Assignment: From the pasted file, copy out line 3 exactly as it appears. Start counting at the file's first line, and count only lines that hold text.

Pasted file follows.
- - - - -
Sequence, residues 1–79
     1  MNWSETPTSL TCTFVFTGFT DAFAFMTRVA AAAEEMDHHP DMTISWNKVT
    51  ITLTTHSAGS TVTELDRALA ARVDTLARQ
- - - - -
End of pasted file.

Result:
    51  ITLTTHSAGS TVTELDRALA ARVDTLARQ